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Market value numbers below are estimates only and are based on our research. Please do your own due diligence before purchasing any of these properties and ensure that you work with a reputable Realtor. It is possible today's property may no longer be available as well-priced bank owned real estate (REO) is often snatched up quickly by investors.

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Freeport Population:  2,700    |   Cost of Living: 8% Above U.S. Average    |   Crime Rate:  Meets U.S. Average

 

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Today's Bargain: Single Family Home (Bank Owned)

101 Indian Bay Dr, Freeport, FL 32439

3 Bedrooms, 2 Baths, 2,409 sq. ft., built in 1997

Current Price: $159,900   Web Site

Current Market Value Estimate: $264,320

Taxes: $1,522 (2018) | HOA: Maybe

Last Sold: N/A

Attractive home with hardwood floors, crown moulding, arched doorways, deck, fireplace, about 750 feet from the water

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Florida Stats:

Population - 20,612,439

Persons 65 years old and over - 19%

High school graduates, persons age 25+ - 87%

Bachelor's degree or higher, persons age 25+ - 26%

Persons of Hispanic or Latino origin - 24%

White persons, not Hispanic - 55%

Median household income - $46,596

Social Security taxed? No

Source: U.S. Census Bureau

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Buying a Foreclosure

When home prices rise, some buyers fall for foreclosures. They're a bargain, aren't they? The short answer is - sometimes. The long answer? If your pockets are deep, if you're willing to wait, if you can do the extra work, they may be the deal of a lifetime.

Before you completely commit to buying a foreclosure, talk to a professional - a real estate agent or lawyer who specializes in foreclosures. If you don't have deep pockets, see if you can get pre-approved for a loan.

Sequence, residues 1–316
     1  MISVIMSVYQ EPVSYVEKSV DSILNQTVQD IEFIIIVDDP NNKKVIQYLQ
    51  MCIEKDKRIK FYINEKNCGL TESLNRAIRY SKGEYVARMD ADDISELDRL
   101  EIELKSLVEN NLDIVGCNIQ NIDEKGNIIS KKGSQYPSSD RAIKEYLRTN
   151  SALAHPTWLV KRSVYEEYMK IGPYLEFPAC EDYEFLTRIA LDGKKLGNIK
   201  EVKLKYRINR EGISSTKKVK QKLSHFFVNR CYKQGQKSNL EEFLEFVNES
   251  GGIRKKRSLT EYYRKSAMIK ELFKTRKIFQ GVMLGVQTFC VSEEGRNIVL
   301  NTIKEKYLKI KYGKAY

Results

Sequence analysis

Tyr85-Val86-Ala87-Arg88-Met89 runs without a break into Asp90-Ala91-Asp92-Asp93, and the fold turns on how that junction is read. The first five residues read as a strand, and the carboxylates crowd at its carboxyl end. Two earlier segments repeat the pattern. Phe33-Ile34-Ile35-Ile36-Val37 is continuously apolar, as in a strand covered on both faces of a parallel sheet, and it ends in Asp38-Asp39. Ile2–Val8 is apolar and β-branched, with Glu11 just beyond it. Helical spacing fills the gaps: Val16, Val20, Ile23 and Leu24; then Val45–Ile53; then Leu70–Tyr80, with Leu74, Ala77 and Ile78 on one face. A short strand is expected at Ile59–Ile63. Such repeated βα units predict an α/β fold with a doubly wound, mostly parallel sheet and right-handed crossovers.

Foreclosures come in three stages. The first stage is pre-foreclosure. The owner has missed a few loan payments. The lender hasn't repossessed the home and will allow the owner to sell before the worst happens. A buyer can approach the owner and make an offer. Even when an offer is less than the current mortgage amount, all concerned parties may welcome you with open arms. Owners don't want a foreclosure on their credit record. Banks may not be ready to put the loss on their books.

Stage two is when a property goes up for auction. Tremendous savings may be had, but there are also risks. Foreclosure auctions require a steel stomach and deep pockets. All properties are offered sight unseen and without much notice. Title research or even a curbside inspection may be impossible. Buyers with the winning bid are expected to pay cash.

The last stage, when the property becomes bank owned, is a time that takes patient. Banks want to recover the unpaid mortgage and get the loss off their books, but they can be glacial about it. They have to do due diligence - clear the title and take care of repairs. A perspective buyer may find a chosen property at the bottom of the bank's to-do list. Moving a massive bank along more quickly may be best left in the hands of a professional.

Buyers who chose to jump into any stage of the foreclosure game need to be flexible, determined, and wide awake. Research, curbside inspections, and keeping a professional in your court are the keys to landing the dream deal.

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